Mann feels so strongly about this issue that when she sold an excerpt to Gagosian Gallery magazine, she objected to the editors grouping the photos in pages preceding the story. “The whole point is that these things relate to each other,” she says. “It’s very important to have the words married with the pictures.” The piece that the magazine chose focuses on Mann’s friendship with Gagosian artist Cy Twombly. Twombly, a modernist painter, was born in Virginia and returned there after living in New York and Rome.
Mann describes her Southern roots with affection in the book, but she believes that those roots, more than her gender, kept her from being recognized in the art world: “Staying in Virginia made it really difficult for me to get any attention in the art world. That was a real struggle.”
The South, on the other hand, is well known for its writers, including such notable authors as Eudora Welty and William Faulkner. Mann notes Jonathan Williams especially, an editor and publisher who championed the Southern voice: “He lived down there in North Carolina,” she says. “He was a friend of Reynolds Price. There were very few people in my life back then; of course, they’re all in the book. They definitely gave me potent inspiration, particularly Reynolds.”
For Mann, writing had always been her first love. A poet in her youth and later a M.F.A. graduate in literature (she earned her degree at Hollis University), she faced a difficult choice in her 20s: “I chose photography over writing. I had to make a living,” she says. To help support her growing family, she photographed weddings and babies, swim teams and school graduations. She made money but not much. “The children were eligible for school lunches for years and years,” she says.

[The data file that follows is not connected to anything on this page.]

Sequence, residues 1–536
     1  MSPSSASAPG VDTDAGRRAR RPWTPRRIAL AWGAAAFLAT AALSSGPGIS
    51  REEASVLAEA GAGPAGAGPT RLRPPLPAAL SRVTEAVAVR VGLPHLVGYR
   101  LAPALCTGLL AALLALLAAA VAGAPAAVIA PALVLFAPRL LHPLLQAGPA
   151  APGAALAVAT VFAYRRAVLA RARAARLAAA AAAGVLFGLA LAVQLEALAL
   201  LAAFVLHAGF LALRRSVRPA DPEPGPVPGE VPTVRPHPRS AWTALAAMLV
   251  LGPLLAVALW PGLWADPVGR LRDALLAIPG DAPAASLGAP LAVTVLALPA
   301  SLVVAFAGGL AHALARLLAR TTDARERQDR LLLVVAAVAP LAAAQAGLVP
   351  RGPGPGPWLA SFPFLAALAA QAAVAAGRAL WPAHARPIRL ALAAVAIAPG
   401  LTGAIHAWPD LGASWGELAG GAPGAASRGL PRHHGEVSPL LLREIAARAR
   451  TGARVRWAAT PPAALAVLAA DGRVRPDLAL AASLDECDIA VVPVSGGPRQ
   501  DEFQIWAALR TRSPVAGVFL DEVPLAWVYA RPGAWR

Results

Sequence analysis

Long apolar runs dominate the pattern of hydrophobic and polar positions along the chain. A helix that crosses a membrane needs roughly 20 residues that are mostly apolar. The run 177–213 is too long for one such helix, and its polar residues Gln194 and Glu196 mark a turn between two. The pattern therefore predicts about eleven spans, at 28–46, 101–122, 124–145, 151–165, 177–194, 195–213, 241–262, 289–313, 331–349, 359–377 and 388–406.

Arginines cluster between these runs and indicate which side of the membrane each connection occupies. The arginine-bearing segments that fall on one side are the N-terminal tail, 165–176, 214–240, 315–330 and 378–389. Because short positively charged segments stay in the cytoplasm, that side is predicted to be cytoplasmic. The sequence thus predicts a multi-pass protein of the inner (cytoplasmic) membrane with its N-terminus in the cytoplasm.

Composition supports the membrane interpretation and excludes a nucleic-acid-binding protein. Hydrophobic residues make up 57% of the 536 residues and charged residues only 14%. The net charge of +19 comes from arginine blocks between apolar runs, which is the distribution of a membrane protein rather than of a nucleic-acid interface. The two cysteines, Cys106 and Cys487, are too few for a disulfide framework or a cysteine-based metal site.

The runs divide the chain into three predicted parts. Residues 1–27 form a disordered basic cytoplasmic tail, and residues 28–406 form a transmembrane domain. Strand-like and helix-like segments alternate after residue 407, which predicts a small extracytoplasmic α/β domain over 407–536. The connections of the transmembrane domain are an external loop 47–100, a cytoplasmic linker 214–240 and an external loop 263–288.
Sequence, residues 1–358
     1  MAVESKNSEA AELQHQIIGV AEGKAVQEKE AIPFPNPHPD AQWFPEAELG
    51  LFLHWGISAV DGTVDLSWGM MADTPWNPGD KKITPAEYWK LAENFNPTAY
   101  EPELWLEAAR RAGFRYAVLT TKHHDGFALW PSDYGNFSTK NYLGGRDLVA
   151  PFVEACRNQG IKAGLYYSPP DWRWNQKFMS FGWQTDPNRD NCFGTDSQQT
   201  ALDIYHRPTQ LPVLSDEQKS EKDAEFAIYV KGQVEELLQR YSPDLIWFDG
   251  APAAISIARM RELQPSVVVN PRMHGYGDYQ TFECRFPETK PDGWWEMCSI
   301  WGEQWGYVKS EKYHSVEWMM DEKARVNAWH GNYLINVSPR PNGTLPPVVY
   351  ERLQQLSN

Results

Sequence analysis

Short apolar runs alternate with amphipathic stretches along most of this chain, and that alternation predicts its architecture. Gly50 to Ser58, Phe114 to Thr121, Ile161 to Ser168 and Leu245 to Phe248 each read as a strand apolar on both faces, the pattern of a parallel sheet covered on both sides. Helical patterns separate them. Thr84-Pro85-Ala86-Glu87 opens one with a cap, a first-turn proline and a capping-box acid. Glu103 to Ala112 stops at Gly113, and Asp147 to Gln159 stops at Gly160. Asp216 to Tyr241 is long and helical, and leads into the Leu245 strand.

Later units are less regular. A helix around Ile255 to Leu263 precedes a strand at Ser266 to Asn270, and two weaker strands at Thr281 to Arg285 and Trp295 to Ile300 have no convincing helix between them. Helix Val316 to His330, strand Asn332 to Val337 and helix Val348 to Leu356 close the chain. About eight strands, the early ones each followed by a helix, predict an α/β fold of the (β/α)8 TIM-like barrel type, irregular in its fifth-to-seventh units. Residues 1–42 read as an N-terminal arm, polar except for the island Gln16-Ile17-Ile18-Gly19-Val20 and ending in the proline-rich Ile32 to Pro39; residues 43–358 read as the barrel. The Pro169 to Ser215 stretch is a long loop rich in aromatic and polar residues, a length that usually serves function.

What brought Mann to the attention of the general public was the publication of Immediate Family. Virulent critics accused her of objectifying her children in salacious ways. The collateral publicity changed her family’s life in ways that continue to affect them: “I remember when the family album came out, people would just knock on our door because they thought they knew us, and that, of course, is one of the great hazards.” Another, more menacing, hazard was an obsessed stalker who continued to taunt the family for years after.
Nonetheless, Mann stands by that series of photographs: “It makes me sound like [I’m] being a bad mother, but I had no problem with it. If there was something that I knew was going to be a good picture, maybe there was a switch that clicked and I just became a photographer.” Her children became her subjects, not her children—with one exception, when she couldn’t even think of picking up a camera. While accompanying her young son, Emmett, to school, he was hit by a car and lay bleeding in the street until an ambulance arrived. “I remember thinking, how can anyone take a picture of anyone like this?” she recalls. “I could never be a photojournalist.”